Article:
Following in the footsteps of last year’s Neptune image, NASA’s James Webb Space Telescope has taken a stunning image of the solar system’s other ice giant, the planet Uranus.
The new Webb data is a great illustration of the observatory’s unprecedented sensitivity for the faintest dusty rings around the planet Uranus while parked some 1.5m kilometres from Earth. These have previously only been imaged by two other very different facilities: the Voyager 2 spacecraft as it flew past the planet in 1986, and the Keck Observatory in Hawaii with its advanced adaptive optics.
Uranus is unique: It rotates on its side, at roughly a 90-degree angle from the plane of its orbit. This infrared image has been generated from Webb’s Near-Infrared Camera (NIRCam) and combines data from two filters at 1.4 and 3.0 microns, which are shown here in blue and orange, respectively. The planet displays a blue hue in the resulting representative-colour image.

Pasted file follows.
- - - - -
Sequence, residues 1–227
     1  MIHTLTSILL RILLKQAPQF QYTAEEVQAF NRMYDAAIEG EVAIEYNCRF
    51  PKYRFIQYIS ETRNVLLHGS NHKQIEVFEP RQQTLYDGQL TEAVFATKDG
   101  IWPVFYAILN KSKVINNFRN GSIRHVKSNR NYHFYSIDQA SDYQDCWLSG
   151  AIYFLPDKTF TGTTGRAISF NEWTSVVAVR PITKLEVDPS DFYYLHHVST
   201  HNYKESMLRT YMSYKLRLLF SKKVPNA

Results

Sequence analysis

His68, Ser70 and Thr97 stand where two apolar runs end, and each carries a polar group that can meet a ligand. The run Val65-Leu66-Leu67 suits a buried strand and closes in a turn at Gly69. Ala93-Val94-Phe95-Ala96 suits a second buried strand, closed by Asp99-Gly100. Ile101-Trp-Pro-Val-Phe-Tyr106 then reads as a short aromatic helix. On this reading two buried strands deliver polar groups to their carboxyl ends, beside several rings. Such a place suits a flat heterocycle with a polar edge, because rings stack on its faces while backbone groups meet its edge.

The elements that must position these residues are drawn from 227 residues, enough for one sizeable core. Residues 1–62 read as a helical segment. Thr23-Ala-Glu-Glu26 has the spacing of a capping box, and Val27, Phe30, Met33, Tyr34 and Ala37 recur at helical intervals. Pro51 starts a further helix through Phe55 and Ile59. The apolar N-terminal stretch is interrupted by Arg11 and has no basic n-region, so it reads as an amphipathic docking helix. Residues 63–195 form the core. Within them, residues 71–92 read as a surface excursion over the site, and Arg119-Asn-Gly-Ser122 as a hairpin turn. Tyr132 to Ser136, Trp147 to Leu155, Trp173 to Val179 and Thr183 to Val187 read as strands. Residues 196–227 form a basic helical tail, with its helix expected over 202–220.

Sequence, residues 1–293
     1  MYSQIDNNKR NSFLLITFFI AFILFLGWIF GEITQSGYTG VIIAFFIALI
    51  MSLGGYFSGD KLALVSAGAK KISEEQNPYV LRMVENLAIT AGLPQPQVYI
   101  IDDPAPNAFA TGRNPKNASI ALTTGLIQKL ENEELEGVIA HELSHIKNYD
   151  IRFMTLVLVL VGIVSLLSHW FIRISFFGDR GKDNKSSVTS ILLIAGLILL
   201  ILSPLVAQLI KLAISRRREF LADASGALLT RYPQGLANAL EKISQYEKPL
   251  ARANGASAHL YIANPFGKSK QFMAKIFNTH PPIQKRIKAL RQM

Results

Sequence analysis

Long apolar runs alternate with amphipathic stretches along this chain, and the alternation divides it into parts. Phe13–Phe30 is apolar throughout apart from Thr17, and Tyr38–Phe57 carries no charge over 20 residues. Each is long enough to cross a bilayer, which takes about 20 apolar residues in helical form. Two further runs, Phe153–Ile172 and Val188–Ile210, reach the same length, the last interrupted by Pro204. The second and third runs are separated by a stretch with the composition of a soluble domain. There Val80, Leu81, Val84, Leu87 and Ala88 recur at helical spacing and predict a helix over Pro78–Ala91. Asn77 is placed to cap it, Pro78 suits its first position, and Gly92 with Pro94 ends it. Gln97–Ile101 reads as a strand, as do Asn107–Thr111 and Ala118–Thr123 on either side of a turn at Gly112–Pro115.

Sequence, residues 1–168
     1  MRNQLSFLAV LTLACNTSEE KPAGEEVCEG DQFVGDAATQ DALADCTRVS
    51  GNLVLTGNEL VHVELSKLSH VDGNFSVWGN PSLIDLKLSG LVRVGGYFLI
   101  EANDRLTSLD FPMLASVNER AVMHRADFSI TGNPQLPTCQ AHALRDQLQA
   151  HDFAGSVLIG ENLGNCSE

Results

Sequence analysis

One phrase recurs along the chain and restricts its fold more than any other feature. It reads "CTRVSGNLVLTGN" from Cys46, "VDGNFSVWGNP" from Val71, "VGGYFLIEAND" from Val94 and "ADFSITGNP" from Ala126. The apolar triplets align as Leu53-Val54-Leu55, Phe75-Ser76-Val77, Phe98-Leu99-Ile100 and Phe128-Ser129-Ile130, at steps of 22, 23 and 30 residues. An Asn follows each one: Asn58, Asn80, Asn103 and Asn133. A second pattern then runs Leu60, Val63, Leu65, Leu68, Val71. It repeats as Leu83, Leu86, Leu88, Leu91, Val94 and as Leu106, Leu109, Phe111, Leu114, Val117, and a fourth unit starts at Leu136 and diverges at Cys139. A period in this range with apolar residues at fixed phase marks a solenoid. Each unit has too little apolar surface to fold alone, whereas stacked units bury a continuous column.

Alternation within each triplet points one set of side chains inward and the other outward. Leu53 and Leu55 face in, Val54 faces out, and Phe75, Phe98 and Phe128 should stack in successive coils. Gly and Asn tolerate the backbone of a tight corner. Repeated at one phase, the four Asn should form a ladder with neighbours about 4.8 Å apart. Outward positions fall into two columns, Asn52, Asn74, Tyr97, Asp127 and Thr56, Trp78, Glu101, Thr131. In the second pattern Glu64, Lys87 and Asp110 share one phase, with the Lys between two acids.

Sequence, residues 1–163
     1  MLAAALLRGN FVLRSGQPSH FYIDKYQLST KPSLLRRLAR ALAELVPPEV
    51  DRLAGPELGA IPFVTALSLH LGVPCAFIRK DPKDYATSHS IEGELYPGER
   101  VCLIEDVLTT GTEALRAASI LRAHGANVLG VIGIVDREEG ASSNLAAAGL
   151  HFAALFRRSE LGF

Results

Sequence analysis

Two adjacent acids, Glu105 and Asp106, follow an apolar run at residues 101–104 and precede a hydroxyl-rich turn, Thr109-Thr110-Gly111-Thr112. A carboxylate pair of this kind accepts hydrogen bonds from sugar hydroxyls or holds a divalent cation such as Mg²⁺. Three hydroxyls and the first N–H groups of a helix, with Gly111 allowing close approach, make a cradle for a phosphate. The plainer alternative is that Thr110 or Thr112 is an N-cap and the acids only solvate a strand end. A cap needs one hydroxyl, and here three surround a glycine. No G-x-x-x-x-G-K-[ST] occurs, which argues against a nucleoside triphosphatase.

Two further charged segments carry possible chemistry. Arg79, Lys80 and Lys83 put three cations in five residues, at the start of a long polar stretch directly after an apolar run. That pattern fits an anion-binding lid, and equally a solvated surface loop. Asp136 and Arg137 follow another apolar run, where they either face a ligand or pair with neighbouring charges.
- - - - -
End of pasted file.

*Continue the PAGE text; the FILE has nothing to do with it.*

Back in 1986 when Voyager 2 looked at Uranus, its camera showed an almost featureless blue-green ball in visible wavelengths. With the infrared wavelengths and extra sensitivity of Webb, however, we see more detail, showing how dynamic the atmosphere of the planet really is.
Uranus has 13 known rings and 11 of them are visible in this image. Webb also captured many of Uranus’ 27 known moons (most of which are too small and faint to be seen); the six brightest are identified in the wide-view image below.
This was only a short, 12-minute exposure image of Uranus with just two filters, and rather enticingly NASA says that this is just the tip of the iceberg of what Webb can do when observing this mysterious planet.
Additional studies of Uranus are happening now, and even more are planned in Webb’s first year of science operations. Literally, watch this space.